Web Design: Going Responsive The Easy Way

by Geoff Roy on October 9, 2013

website design for everyone including the tablet user lying on the sofaNo matter how much of an expert you are at coding and programming, the likelihood is, you’ll have some challenges when constructing your first few responsive web designs. As a website design agency, it certainly did for us!

This is because it requires an substantial adjustment in the way you think. Prior to starting your first design for a responsive website, consider following these five points:

Not All Screens Are The Same

Concentrate on creating your website design based on a limited number of screen resolutions. If you attempt to accommodate every single screen size in existence, you’ll have a difficult time getting the website design finished. For that reason, you need to zero in on the following four general screen resolutions: the widescreen display of a desktop computer, the display of smaller desktops and notebooks, tablet computers, and mobile phones.

Optimise Content

Even though you can zoom the website in and out, that doesn’t count as truly responsive design ! Care really should be applied to change how the content is laid out as well.

Do not forget how a typical mobile phone user will utilise the small screen area available to them. Your first thought might be to just zoom out, so the entire website can be seen on the limited screen area. While this can be a good thing, it can also give the user a difficult experience locating info positioned in a tiny part of the screen.

Instead of the zooming out option, experiment with techniques which will make smart phone users love to interact with your website design – limiting columns can really help with this.

Different Users Want Different Info

Comfortable Touch Zones - tablet usage impacts on website designVary the content as opposed to just shifting it. People using various platforms are probably going to have varied needs.

Anyone checking out a restaurant on their mobile, for example, will be skimming for the restaurant address, hours of opening, and probably any customer feedback – they won’t be going if the feedback is lousy. So offer up this content first of all in an easy and noticeable spot to find on the website.

On the other hand, someone using a desktop to check out a restaurant’s website is probably figuring out whether they want to go to your restaurant. Therefore, you should concentrate your content on encouraging them to go dine at your restaurant.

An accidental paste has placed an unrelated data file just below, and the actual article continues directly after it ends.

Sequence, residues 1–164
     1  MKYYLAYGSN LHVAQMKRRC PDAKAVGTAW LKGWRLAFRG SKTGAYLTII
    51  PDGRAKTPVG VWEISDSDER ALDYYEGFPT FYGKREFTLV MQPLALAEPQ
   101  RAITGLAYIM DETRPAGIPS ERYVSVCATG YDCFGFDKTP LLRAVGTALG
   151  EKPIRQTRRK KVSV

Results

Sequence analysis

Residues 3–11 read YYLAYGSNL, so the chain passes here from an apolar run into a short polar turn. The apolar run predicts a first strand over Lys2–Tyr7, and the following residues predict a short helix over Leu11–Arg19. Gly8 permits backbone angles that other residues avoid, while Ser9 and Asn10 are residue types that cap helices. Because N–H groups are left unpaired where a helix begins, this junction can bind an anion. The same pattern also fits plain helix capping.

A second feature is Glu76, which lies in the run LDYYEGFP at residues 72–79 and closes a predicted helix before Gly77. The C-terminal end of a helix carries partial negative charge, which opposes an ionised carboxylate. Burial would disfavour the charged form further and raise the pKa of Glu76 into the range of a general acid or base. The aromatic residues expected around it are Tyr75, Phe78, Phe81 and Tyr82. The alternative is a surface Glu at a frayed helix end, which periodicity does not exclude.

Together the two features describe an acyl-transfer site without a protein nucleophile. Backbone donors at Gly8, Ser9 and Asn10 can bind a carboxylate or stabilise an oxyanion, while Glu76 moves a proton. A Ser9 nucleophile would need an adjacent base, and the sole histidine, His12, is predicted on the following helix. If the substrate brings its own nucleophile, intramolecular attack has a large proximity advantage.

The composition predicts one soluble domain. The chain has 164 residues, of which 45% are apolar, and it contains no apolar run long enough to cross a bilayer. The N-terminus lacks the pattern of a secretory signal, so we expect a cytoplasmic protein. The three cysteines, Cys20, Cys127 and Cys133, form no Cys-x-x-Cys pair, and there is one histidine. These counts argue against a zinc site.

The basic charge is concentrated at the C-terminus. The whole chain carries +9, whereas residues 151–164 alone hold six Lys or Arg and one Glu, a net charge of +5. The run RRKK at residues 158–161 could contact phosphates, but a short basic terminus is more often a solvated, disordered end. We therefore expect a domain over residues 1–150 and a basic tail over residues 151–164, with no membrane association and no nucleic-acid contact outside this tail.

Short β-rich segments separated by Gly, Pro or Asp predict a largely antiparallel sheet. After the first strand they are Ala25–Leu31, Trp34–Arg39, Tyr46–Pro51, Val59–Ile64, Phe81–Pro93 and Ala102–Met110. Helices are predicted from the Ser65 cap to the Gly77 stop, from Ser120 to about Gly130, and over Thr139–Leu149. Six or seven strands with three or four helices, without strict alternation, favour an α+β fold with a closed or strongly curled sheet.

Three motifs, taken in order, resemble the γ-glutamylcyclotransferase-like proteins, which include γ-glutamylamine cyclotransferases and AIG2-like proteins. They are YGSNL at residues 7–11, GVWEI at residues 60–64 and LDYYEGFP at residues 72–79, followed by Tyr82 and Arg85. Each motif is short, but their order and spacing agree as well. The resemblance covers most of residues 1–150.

Fluid Grids

Use fluid grids to make a “liquid layout” instead of a fixed width layout. Most web developers find fixed width layouts, which are customary, much quicker and simpler to generate. However, the application of fluid grids will be more practical in the years to come when it comes to responsive website design, since they’re carefully designed to consider proportion.

Coding for Media Queries

It is nigh on impossible to create a single website design which covers the thousands of differing devices and screen resolutions, ranging from desktops to mobile phones. Coding media queries for the responsive design is one way to accommodate them all.

Media queries permit web designers to generate conditional stylesheets for a website design. Dependent on data from the user, a different stylesheet will display. For instance, you could have two media queries, and one may be used when the device’s width is bigger than the width of the website, whereas the other may be used when the device’s width is smaller.

Irrespective of being such a simple concept, responsive website design tends to be incredibly baffling at the outset, as it requires you to contemplate many diverse situations. However, if you stick to the techniques listed above, you’ll end up producing responsive website designs in no time.

By Geoff Roy – Geoff Roy works for a web design agency in Hampshire called Differently.co, and loves providing his experiences about web design and what it can do for your online presence.

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